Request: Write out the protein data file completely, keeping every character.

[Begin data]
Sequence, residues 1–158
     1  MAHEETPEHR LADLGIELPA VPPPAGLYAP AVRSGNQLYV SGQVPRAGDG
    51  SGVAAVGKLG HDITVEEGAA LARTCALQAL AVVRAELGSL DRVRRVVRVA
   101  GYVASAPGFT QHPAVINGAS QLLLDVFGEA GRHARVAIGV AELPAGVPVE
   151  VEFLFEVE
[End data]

Sequence, residues 1–158
     1  MAHEETPEHR LADLGIELPA VPPPAGLYAP AVRSGNQLYV SGQVPRAGDG
    51  SGVAAVGKLG HDITVEEGAA LARTCALQAL AVVRAELGSL DRVRRVVRVA
   101  GYVASAPGFT QHPAVINGAS QLLLDVFGEA GRHARVAIGV AELPAGVPVE
   151  VEFLFEVE